258 CANADIAN WOODPECKER
|This species, which has been overlooked by all the recent writers
on the birds of North America, although described and figured by BUFFON,
I again introduce to your notice. If you compare the figure of it with
that of the Hairy Woodpecker, Picus villosus, you will perceive that it
is much larger, and somewhat differently marked, although extremely
similar in form and colours.
The most southern localities in which this species has been observed in the United States, in so far as I have been able to trace it, whether personally or by means of my friend Dr. TRUDEAU, are the northern portions of the State of Pennsylvania, in winter, where, however, it seems to be rare. It is more plentiful at that season in the same parallel in the State of New York, beyond which, northward, it is abundant up to the 56th degree, but then yields in frequency to the Common Three-toed Woodpecker.
It was in the course of my journey through the State of Maine, on which I was accompanied by my wife and sons, that I became aware of its being distinct from the Hairy Woodpecker. There I found it very abundant in the woods, around the farms, by the roads, and on the fences. Its notes alone suffice to distinguish it from every other species, being louder and much shriller than those of Picus villosus. It also resorts to prostrate decaying logs lying on the ground, in quest of food, much more than that species does, and quite as much as the Pileated Woodpecker, P. pileatus. During its flight, the rustling sound of its wings is very remarkable; its passage from one tree to another appears more laborious, and in all its movements it is less active, restless, or petulant, than the Hairy Woodpecker. Those which I examined contained remains of large coleopterous insects, together with pieces of lichens.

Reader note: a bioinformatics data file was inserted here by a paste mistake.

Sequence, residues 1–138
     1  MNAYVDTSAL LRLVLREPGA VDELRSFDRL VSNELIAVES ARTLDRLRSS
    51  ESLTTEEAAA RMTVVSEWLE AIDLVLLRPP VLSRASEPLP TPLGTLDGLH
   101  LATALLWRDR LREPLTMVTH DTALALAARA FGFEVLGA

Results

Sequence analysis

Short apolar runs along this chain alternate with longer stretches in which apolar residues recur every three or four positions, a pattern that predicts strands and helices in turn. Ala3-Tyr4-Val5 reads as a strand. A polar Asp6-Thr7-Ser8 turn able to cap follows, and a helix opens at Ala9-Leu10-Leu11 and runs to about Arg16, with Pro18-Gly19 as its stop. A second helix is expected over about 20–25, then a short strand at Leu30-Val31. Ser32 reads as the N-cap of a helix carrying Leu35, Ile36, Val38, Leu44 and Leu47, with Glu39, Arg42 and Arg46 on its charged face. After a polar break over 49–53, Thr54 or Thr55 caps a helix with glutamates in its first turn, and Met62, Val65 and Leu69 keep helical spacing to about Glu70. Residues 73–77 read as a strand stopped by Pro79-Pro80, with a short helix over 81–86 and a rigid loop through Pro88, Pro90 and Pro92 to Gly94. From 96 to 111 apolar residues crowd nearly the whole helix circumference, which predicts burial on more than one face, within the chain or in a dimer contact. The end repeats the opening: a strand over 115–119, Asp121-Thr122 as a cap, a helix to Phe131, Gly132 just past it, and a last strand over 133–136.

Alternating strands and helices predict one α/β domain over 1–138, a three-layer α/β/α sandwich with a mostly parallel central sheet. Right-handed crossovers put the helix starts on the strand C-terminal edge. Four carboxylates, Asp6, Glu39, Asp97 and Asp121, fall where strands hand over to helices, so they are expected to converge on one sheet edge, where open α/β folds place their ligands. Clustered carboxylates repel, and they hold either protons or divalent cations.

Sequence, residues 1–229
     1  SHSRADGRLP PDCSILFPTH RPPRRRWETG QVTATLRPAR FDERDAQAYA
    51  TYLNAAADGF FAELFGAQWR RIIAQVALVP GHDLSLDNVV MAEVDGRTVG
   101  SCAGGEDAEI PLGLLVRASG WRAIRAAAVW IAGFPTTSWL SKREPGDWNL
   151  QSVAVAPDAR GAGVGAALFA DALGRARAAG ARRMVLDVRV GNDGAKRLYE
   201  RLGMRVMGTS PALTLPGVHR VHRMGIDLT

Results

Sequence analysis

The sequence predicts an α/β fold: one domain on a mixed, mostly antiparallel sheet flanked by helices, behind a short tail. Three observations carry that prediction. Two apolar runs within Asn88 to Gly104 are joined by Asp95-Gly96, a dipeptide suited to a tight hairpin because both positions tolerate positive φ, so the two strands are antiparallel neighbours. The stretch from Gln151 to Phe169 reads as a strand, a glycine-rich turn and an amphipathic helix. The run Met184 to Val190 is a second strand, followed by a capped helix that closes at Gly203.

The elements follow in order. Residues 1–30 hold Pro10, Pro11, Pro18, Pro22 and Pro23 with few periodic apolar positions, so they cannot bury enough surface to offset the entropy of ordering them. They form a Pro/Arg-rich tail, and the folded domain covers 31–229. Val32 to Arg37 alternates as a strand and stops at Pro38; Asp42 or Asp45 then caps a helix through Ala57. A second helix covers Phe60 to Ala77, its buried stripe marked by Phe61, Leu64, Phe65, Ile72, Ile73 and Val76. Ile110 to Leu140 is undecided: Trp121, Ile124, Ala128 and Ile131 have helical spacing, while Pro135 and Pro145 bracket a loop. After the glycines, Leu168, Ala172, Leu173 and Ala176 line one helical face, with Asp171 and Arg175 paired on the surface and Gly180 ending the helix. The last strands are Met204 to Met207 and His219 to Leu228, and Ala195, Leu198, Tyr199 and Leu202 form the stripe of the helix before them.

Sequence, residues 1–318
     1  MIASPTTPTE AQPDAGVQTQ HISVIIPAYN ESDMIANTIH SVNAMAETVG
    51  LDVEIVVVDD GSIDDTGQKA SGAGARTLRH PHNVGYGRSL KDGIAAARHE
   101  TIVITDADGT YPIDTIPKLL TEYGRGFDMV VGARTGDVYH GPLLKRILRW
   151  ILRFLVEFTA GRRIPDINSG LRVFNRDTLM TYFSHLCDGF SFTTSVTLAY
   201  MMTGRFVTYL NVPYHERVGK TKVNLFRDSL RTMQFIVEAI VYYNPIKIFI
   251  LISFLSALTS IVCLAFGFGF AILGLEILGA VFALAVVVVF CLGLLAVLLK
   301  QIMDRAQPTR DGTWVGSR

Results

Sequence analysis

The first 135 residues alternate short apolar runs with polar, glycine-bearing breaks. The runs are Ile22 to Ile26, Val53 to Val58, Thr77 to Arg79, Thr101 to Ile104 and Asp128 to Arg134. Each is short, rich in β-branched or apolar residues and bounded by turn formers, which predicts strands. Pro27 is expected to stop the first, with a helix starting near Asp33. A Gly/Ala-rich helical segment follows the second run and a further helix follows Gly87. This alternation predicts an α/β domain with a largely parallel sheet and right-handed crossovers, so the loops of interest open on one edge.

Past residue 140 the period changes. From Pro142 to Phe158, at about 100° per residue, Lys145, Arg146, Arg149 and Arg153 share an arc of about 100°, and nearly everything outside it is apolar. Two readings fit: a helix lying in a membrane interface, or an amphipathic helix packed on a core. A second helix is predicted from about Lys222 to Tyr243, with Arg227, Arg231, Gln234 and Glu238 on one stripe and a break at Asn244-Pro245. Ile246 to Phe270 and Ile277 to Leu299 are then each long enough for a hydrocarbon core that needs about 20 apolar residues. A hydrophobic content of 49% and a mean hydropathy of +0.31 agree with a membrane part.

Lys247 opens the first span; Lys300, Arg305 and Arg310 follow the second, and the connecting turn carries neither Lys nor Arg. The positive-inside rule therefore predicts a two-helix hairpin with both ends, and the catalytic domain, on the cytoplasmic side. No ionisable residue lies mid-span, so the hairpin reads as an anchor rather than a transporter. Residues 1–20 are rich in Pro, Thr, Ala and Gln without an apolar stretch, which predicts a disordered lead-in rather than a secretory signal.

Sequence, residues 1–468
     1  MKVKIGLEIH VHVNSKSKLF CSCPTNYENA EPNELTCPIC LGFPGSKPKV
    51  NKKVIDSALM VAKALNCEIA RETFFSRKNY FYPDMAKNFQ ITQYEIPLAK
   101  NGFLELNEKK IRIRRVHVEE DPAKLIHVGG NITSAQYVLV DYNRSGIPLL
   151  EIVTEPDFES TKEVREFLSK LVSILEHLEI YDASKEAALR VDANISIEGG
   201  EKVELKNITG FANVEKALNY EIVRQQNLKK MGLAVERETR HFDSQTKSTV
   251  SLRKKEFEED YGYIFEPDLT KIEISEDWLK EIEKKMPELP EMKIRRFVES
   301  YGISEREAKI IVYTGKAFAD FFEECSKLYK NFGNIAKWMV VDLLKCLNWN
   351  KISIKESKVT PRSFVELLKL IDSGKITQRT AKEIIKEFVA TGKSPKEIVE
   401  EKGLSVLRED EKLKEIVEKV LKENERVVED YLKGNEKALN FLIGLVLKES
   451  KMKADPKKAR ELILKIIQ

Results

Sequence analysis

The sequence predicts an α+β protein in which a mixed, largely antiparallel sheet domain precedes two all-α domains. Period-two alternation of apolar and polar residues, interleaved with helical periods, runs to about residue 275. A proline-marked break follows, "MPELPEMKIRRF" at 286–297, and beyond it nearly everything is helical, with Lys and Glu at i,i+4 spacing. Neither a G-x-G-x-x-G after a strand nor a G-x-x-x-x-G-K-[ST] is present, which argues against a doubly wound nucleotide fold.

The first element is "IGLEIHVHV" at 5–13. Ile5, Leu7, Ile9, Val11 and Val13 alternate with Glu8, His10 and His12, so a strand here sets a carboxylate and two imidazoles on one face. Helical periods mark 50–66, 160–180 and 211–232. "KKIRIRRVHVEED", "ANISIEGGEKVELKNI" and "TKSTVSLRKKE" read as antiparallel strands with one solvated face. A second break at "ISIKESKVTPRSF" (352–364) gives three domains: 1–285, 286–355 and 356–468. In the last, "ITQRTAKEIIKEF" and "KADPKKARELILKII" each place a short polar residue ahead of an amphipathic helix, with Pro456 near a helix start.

Of its manner of breeding, eggs, or young, I unfortunately know nothing. The female differs from the male in little more than in wanting the red patch on each side of the occiput.
PICUS CANADENSIS, Gmel. Syst. Nat., vol. i. p. 437.
PICUS (DENDROCOPUS) VILLOSUS, Hairy Woodpecker, Swains. and Rich. F. Bor. Amer., vol. ii. p. 305.
CANADIAN WOODPECKER, Picus canadensis, Aud. Orn. Biog., vol. v. p. 188.
Male, 10 1/2, 17 3/4.
From the northern parts of New York to the Fur Countries. Common. Migratory in winter to New York.
Bill about the length of the head, straight, strong, angular, compressed toward the tip, which is truncate and cuneate. Upper mandible with the dorsal line straight, the ridge very narrow, the sides sloping and flat, the lateral angle or ridge nearer the edge, which is sharp, direct, and overlapping. Lower mandible with the angle short and rather wide, the dorsal line straight, the ridge narrow, the sides flat and grooved for some way beyond the angle, convex toward the edges, which are sharp and inflected, the tip narrow. Nostrils oblong, basal, concealed by the feathers, and placed near the margin.